Saturday Night Live has been a comedy behemoth since 1975 when it began to blast the airwaves with subversive comedy aimed at disrupting the status quo of network television. Behind the scenes, SNL was even more caustic and rowdy than it was onscreen, with drug-fueled writing sessions that lasted for days, and after parties that would go on until the sun came up. Drugs at SNL didn’t end when the original cast moved on to bigger and better things, the cast simply became less open about their usage with the press. Some late period Saturday Night Live performers struggled with addictions while they were appearing on camera, and a few of them even lost their lives to the habit. Keep reading to take a look at SNL behind the scenes.
For the last half of the '70s, Saturday Night Live was synonymous with drug culture. The show was essentially a celebration of the boomer generation ousting Nixon out of office, and despite their sardonic nature there was still an optimism for what the next day could bring. The drug culture of the late '70s was a grim sewer world that led to the deaths of many prominent figures in the entertainment industry, and SNL wasn’t immune to the loss of life. Throughout SNL’s 40-plus years on television there have been several cast members with drug problems, and stories of wild parties happening in the writers rooms. For some fans of SNL, drugs will always be synonymous with the greatest comedy show on television.
Read on to discover some pretty shocking stories of just how much drug use was going on backstage of SNL back in the day.
Dan Aykroyd Saves the Day
Before Saturday Night Live was Saturday Night Live it was called NBC's Saturday Night because another show had that title. Some of the cast wanted to see what the deal was with this other Saturday show so they got together with some of the writers, smoked a lot of African pot and started watching TV.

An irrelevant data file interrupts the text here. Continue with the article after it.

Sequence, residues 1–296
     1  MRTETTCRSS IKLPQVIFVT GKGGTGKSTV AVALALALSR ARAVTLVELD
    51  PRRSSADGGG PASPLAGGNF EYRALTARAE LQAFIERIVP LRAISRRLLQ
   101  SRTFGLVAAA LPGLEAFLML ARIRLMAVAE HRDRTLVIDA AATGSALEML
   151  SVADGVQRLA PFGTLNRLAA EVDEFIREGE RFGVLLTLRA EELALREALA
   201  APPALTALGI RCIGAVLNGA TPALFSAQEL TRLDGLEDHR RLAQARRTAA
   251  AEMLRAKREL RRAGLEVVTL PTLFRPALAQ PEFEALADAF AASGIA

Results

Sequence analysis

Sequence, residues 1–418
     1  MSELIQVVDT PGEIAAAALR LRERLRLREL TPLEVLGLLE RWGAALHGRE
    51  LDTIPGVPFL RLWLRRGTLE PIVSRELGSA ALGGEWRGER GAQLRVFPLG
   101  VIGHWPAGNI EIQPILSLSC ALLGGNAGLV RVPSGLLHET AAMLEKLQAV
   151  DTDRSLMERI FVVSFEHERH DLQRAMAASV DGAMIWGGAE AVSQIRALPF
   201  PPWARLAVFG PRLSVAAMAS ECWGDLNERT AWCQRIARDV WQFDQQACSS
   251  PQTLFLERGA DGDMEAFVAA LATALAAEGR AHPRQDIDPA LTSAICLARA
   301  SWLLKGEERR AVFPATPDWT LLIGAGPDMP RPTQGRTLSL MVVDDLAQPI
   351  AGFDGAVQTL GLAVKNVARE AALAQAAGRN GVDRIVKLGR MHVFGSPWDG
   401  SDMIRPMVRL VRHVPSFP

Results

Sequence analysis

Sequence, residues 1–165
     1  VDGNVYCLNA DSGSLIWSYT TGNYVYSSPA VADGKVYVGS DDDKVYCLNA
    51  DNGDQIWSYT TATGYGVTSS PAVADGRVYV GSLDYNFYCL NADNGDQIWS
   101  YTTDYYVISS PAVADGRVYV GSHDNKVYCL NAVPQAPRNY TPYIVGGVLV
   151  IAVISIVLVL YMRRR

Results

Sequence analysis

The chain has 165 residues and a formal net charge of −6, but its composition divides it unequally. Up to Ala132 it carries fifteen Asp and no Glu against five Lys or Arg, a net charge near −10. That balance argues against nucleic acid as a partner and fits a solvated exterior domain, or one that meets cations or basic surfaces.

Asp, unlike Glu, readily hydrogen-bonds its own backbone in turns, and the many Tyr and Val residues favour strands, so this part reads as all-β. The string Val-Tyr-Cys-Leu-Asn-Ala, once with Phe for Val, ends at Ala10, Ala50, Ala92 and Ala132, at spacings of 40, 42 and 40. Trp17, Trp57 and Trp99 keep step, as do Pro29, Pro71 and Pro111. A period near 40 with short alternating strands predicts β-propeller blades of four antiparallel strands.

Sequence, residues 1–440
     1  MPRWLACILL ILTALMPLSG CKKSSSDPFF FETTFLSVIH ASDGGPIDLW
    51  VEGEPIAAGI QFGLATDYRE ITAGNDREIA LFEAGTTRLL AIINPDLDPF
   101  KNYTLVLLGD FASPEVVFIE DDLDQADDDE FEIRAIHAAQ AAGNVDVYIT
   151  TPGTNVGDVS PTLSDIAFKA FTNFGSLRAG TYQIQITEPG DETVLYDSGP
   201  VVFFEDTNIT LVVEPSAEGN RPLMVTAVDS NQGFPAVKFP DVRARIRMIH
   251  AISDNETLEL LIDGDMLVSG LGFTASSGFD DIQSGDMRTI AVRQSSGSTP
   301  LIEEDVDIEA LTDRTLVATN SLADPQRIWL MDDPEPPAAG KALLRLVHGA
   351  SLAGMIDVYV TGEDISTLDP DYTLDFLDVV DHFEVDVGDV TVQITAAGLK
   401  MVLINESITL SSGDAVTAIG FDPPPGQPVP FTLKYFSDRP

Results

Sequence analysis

One of the writers, Neil Levy, got so stoned that he locked himself in the bathroom and refused to come out. The only person that could talk Neil out of his paranoia was Dan Aykroyd. Aykroyd knocked on the door and said, "Neil, this is Dan. You probably smoked some of that weed, you're probably paranoid, and you probably think you're the only one. Let me tell you my friend, you're not the only one." Then Aykroyd went on to pull his pants down and perform a proto version of the refrigerator repair man character that would go on to drive audiences wild.
Nose Candy by the Car Load
Famed Texas author and screenwriter Terry Southern (Easy Rider, Doctor Strangelove) wrote for Saturday Night Live during the '80s, and although he hasn't done any interviews about his time on the show, he did send a fax to the authors of Saturday Night: A Backstage History of Saturday Night Live that summed up the drug use in his time on the show.
"Perhaps the most memorable aspect of working at SNL was the quantity of dope or drugs on hand. We were well nigh up to our proverbial A's in toot, hemp, speed, oil, and hash, what have you. Talk about your everlovin' cornucopias of sense-derangement."
Garrett Morris's Invisible Hypnotic Robot
Garret Morris was one of the most underappreciated performers of SNL's original cast. He brought a sense of serenity and actual cool to a show full of hopped up Canadians and guys from the Midwest. But he also loved to freebase heroin and cocaine. . . so he wasn't all roses.